The AFL-CIO Executive Council, at its annual winter meeting in Miami Beach, Florida, adopted a resolution Thursday urging the Obama administration to temporarily nationalize failing banks. What is the significance of this policy statement? Does it represent a radical reorientation by the AFL-CIO, which, after all, has been throughout its history an implacable foe of socialism and defender of the profit system?
It is nothing of the sort. There is not a trace of economic radicalism, or even independent thinking, in the statement of the labor bureaucrats. Rather, the AFL-CIO has merely joined a growing list of economists and political figures from across the spectrum of American establishment politics advocating a temporary government takeover of banking giants such as Citigroup and Bank of America as a more effective means of utilizing taxpayer funds to bail out the financial aristocracy and restabilize US capitalism.
The union officials, like many others in the establishment, argue that a short-term government takeover is the best means of offloading the bad debts of the banks onto the public in order to return the banks to profitability and avert a full-scale collapse of the private banking system.
The AFL-CIO resolution is a model of political evasion and outright dishonesty. It notes that the 1999 repeal of the Depression-era Glass-Steagall act has resulted in a "dramatic concentration of banking power," with 43 percent of US bank assets held by just four institutions—Citigroup, Bank of America, JPMorgan Chase and Wells Fargo. The resolution does not mention that the repeal was endorsed by the Clinton administration, with whom the AFL-CIO was allied at the time. Nor does the resolution demand the breakup of these corrupt institutions, or even the reestablishment of the sort of regulatory controls that were set in place by the Roosevelt administration.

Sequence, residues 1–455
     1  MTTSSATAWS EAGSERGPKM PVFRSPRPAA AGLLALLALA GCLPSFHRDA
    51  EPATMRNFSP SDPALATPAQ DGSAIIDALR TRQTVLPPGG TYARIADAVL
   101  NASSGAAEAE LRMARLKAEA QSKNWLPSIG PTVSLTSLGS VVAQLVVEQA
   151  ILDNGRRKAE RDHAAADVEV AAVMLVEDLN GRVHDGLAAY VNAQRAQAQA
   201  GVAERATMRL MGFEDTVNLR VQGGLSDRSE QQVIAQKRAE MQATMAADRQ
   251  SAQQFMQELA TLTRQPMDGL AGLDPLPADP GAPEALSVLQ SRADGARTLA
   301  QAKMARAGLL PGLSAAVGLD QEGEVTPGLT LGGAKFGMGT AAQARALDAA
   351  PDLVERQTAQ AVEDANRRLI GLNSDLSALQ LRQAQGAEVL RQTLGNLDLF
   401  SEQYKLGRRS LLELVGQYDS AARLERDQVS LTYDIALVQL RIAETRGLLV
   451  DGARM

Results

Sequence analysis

Declaring its loyalty to the "free market rules that workers live by," the AFL-CIO's resolution criticizes the current policy of the Obama administration in conventional economic terms. It warns against the administration's policy of "feeding the banks public money in fits and starts" as leading to "zombie banks" and "long-term stagnation."
The resolution's most significant passage asserts: "The most important goal of government support must be to get banks lending again by ensuring they are properly capitalized... In the case of distressed banks, this means the government will end up with a controlling share of common stock. The government should use that stake to force a cleanup of the banks' balance sheets. The result should be banks that can either be turned over to the bondholders in exchange for bondholder concessions or sold back into the public markets."
There is absolutely nothing here that distinguishes the AFL-CIO from liberal bourgeois economists such as Paul Krugman and Joseph Stiglitz or right-wing Republicans like former Federal Reserve Chairman Alan Greenspan, Senator Lindsey Graham and James Baker, chief of staff and treasury secretary under Ronald Reagan and secretary of state under the senior George Bush, who have raised temporary nationalization of failing banks as an emergency measure required to prop up the banking system.